Mark my words: Governments and central banks will never care about your wealth and your privacy as much as you do. That reality is exactly why central bank digital currencies are dead in the water already.
They say if you can’t beat them, join them. That’s exactly what CBDCs are attempting to do. They want to join the party that is cryptocurrency without actually giving their citizens the privacy and democratic freedom a truly decentralized digital currency provides.
In a recent article, I made the argument that regulation and law enforcement are a necessary part of crypto truly going mainstream. I definitely believe that, but that’s not what CBDCs are going to accomplish.
CBDCs won’t decentralize wealth. They won’t decentralize power or ownership or control of funds. They won’t give individuals oversight or sovereignty over the value in their wallets.
The institutions creating these CBDCs will openly and outwardly promote the virtues of their innovation and their ability to use the best of cutting-edge technology to make transferring value between one another more efficient. They will publicize the need to make an archaic financial system more efficient and more attuned with the times. Consider for a moment two of the countries leading the way in developing their own CBDCs.
Who leads CBDC development?
The Bank of Russia published a consultation paper outlining plans for a digital ruble. That’s right! The Bank of Russia is working on a digital ruble. That news is hot off the presses, just announced last month. But what has also been recently announced is that the Russian government isn’t looking so kindly on cryptocurrencies or the issuance of new tokens. In other words, Russia wants a slice of the digital currency pie, but only if the government is controlling that digital currency. That’s a fundamental problem with all CBDCs: None of them want to give the keys to the individual.
To be fair, Alexey Guznov, head of the legal department at Russia’s central bank, did say earlier this year that owning cryptocurrency will not be against the law as long as that cryptocurrency was acquired in a jurisdiction that does not prohibit that.
China is already testing its digital yuan. China is also racing to try and launch its digital yuan. Trials are already running in Hong Kong’s bay area, and state-run banks are testing a digital currency wallet on a large scale. The Digital Currency Electronic Payment program that China is rolling out includes two layers: one for central banks and another for commercial banks. While commercial banks might use blockchain technology to settle some transactions, the central-bank layer will definitely be centralized.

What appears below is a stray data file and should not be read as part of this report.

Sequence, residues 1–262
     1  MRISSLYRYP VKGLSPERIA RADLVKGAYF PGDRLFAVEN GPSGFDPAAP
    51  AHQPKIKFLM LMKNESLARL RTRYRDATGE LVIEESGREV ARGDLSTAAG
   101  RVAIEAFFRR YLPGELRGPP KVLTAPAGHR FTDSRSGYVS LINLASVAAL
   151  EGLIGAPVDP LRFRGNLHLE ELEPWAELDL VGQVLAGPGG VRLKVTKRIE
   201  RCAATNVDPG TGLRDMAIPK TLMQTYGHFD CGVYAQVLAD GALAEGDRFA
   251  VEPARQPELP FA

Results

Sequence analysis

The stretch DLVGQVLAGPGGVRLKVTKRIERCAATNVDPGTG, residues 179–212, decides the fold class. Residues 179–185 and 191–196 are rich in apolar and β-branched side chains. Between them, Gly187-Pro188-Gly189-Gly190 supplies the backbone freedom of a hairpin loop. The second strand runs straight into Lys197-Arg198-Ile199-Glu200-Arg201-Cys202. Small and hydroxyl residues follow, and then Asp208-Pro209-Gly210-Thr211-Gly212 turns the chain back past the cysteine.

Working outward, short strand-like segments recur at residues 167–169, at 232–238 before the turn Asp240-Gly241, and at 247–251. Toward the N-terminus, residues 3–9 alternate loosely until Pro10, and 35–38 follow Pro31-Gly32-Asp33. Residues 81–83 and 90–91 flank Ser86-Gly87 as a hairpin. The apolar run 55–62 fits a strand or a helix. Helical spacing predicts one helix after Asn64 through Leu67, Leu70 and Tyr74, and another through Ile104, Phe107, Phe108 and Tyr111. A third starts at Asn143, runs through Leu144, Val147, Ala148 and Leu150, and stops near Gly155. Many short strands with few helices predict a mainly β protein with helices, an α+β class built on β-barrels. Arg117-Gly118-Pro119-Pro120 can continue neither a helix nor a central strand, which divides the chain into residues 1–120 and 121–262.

That said, control is what CBDCs are all about — control over wealth, control over private citizens, and of course, control over data.
It’s CBDCs vs. cryptocurrencies, not East vs. West
The rush by central banks around the world to create their own digital currencies is not a battle between East and West. Far from it, it’s more about pitting CBDCs against cryptocurrencies that don’t have to worry about central authorities censoring or controlling anything.
The point is that the two combatants are not one and the same. CBDCs are really just fiat currencies in a digital format. The format may be different, but the goal is the same: to maintain control over the broader financial system and penalize those that don’t play by the rules set out by whichever central bank or government is calling the shots.
Consider for a moment that the European Central Bank is seeking input from the public on what a digital euro might look like. The ECB’s website details many benefits related to developing a digital euro — particularly, that the usability of a digital euro would shine whenever an extreme event like a natural disaster or pandemic occurs. But there is one notable, not-so-subliminal message that needs to be called out in the ECB’s description of the digital euro:
“It could also be crucial if people were to turn to foreign digital means of payment, which might undermine financial stability and monetary sovereignty in the euro area.”
Let’s face it: The synonym for the phrase “foreign digital means of payment” is Bitcoin (BTC). Central banks don’t want you to use Bitcoin, Ether (ETH) or any other decentralized cryptocurrency. They want you to use currency that can be tracked. They want to be able to decide which regulators and tax authorities get access to your financial data and which ones do not. CBDCs are not an attempt to revolutionize finance or technology.
They are essentially a last-ditch effort to maintain control over the individual, even as actual decentralized currencies pull wealth, power and influence out of the hands of the old world.
They can’t beat us, nor can they join us
Keeping value decentralized and keeping the power in the hands of the individual consumer is what gives cryptocurrency its power, not government-backed digital currencies that simply use blockchain technology.
Central banks can certainly use blockchain and claim that they are joining something they can’t beat, but the reality is they can’t join. We as global citizens and believers in cryptocurrency won’t let them, nor should we.
Cryptocurrencies have come a long way since Bitcoin launched in 2009. In the beginning, people ignored them. Most people laughed. Now, central banks are trying to fight the cryptocurrency revolution. Eventually, the individual is going to win, and your value will be in your wallet where it belongs.
The views, thoughts and opinions expressed here are the author’s alone and do not necessarily reflect or represent the views and opinions of Cointelegraph.
Mark Binns is the CEO of BIGG Digital Assets Inc. He believes the future of crypto is a safe, compliant, regulated environment. He first discovered crypto in 2013 and was hooked. As the CEO of BIGG Digital Assets, Mark oversees the Blockchain Intelligence Group, the maker of Qlue, BitRank and Netcoins.